My father, James Franklin Charles Michael, was born on October 25, 1929 in Reading, PA right on the verge of the Great Depression. He was the first of two children. His parents, like almost everyone else during the Great Depression, struggled to make a living. When my father’s little brother Joseph, or Uncle Josie as I came to know him, came along, my father was handed off to his grandparents (his father’s parents) to raise temporarily so that each household shared the fiscal responsibility of only one child. I am told that during the Great Depression this was not the most uncommon of practices, and it does make logical sense when one knows that the grandparents were much better off than the parents and little felt the effects of the economic downturn that was to grip America until World War II. My father James, or Jimmy, wanted for nothing during this time – nice clothes, music lessons, elaborate birthday parties complete with pony rides – except for the love and attention of his parents. But for reasons that were never made fully clear, neither to me nor more especially to my father, the arrangement became permanent. My father never went home again to stay, and he never forgot that his parents had given him away all the while keeping his brother.

Years went by. My father was a very successful musician, his brother a very successful Cadillac mechanic. The Great Depression ended, the extended family members never stopped communicating with one another. When I was born both my father’s parents and grandmother were still alive. My father’s mother had become agoraphobic, allegedly the end result of being unable to reclaim her firstborn from her in-laws. On one visit shortly after I was born she frantically cautioned my mother, “Don’t let her steal your baby the way she stole mine!” My parents let me visit my great-grandmother with frequency, but the threat of becoming a permanent resident was never an option. According to both my parents, on one visit my great-grandmother did say, “You can go now. I’m keeping him,” to which my mother replied, “Like hell you are,” and the threat quickly dissipated never to return.

In 1999, the year before my father’s death, as his health was starting to fail, he also started to open up about his past. He had lived a full life, but regretted a lot, much of which he never shared. The biggest questions on his mind as a sixty-nine year old:

Why hadn’t his parents loved him enough to come back for him when the Great Depression ended? Why hadn’t they put the family back together? Did they just love Josie better than him?

He had never gotten a successful answer during his lifetime and it still haunted him the year before his death more than anything else.

I don’t think my grandparents or great-grandparents were bad people, quite the opposite. My dad’s parents did what they thought was necessary to survive during a national crisis and my father’s parents being better off were willing to help out, as it should be. None of that was ill-intentioned. But then something else happened: some people in the situation – my grandfather and his parents – got comfortable with the arrangement and didn’t consider how others affected by the situation felt. Perhaps my grandfather just assumed that my father had a better life with my great-grandparents (which was true from one viewpoint) and left well enough alone; we’ll never know. But if my grandmother’s recollections are to be believed, she had no say in retrieving her son, a decision that must have been made against her wishes and was supported by her husband and his parents. She was outnumbered and slipped into mental illness as a result. My father had nothing but praise for his grandparents; they treated him better than anyone in his position could have been treated during the Depression. It was his own parents, especially his father, whom he questioned and to some extent resented.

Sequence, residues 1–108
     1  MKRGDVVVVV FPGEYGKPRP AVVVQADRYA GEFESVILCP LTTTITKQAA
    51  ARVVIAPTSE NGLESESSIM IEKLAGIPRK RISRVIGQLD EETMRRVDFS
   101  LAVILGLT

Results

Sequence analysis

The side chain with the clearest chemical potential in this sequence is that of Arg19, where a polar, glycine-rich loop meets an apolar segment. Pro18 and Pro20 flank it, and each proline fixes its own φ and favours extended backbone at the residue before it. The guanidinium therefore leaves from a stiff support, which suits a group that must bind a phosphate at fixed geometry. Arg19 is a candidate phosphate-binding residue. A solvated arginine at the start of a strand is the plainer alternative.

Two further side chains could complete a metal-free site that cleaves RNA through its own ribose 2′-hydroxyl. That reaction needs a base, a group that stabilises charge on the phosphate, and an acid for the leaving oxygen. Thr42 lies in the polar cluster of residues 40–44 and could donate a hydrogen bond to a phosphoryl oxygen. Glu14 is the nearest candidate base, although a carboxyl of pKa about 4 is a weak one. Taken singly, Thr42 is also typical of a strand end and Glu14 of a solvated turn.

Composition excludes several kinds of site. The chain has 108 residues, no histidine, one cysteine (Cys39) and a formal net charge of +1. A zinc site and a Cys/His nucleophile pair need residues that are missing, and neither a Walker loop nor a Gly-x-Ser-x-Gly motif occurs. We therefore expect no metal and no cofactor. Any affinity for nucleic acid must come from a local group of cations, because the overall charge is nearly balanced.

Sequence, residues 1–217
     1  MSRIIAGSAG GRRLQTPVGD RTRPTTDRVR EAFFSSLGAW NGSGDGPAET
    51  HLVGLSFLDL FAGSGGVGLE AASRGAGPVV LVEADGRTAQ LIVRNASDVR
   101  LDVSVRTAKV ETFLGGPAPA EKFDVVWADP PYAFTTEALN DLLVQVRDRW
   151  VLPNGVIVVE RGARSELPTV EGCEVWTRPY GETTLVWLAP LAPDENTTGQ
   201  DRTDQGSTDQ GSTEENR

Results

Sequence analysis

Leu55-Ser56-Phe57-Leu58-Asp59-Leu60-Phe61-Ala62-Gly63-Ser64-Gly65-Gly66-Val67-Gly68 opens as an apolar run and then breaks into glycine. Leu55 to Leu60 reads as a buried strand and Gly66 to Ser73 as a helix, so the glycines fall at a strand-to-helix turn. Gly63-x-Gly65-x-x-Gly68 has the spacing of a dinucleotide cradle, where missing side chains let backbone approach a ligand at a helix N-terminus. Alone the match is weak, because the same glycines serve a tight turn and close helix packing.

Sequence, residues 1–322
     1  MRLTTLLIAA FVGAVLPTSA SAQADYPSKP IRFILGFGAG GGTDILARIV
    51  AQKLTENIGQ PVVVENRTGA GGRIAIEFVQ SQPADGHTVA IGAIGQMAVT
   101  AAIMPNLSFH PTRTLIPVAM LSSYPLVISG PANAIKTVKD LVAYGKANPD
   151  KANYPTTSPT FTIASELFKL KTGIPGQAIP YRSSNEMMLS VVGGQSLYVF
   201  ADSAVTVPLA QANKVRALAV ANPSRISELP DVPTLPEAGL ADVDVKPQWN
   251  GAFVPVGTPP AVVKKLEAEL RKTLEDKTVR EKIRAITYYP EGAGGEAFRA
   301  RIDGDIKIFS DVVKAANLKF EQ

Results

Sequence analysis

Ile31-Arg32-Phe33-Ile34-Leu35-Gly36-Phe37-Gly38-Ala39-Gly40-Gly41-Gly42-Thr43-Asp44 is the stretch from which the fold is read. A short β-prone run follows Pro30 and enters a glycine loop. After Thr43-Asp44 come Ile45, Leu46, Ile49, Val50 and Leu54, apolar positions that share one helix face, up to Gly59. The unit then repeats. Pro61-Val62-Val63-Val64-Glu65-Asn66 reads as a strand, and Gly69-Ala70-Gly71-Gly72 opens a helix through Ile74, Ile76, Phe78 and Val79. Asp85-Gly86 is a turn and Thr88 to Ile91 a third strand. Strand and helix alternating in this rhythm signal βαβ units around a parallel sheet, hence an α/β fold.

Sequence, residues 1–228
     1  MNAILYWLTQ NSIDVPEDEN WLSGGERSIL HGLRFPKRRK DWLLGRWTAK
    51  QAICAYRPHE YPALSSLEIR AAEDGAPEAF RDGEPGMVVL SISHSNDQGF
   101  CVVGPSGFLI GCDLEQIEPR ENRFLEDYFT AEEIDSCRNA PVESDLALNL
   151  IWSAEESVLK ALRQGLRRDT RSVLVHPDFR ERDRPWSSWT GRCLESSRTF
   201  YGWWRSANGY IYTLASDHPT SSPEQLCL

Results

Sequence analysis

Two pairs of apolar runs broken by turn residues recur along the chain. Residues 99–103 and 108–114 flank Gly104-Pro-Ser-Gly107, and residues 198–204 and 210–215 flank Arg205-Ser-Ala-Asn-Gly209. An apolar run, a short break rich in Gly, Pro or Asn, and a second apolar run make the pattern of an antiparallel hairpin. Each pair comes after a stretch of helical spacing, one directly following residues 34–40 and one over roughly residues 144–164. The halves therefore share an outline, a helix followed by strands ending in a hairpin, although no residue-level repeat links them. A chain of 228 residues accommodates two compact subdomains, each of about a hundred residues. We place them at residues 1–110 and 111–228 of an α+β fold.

My father had a full life, but there’s no question in my mind that he went to his grave haunted by the actions of his parents that he couldn’t reconcile with his own worthiness, and that they (especially his father) never chose to explain, account for, or even fully comprehend. It’s also true that my father never really confronted his parents about his upbringing, that was not really in his character either and, again, he had not been mistreated, quite the reverse. He just knew that something didn’t feel right and he couldn’t make sense of it. And by the time he had the courage to question or confront it the moment had passed, life had moved own, and his parents and grandparents were dead. The unintentional damage was permanently done.

So on this Father’s Day as my little boy, John Adams, is about to turn two I just wanted to take a moment to remind myself to say “I Love You” to my son as much as possible; to bear in mind that all my actions affect my son, and that those actions can have a lasting effect on his mind and character for years and years to come; to never give him a reason to think that I don’t love him with my whole heart, for I do.

And as for my own father, I hope that he has reunited with his parents and reconciled with his past. I hope he has found his answers and by way of them found peace. And that he knows that here on earth there are many people who still remember him and love him for who he was.

I Love You, Dad.

Happy Father’s Day All

Dad in 1997

Dad in 1997


  1. How very sad. I have just written and erased several sentences (more than once) because I can’t express how this makes me feel. Lucky John Adams, lucky you. You look SO much like your dad!


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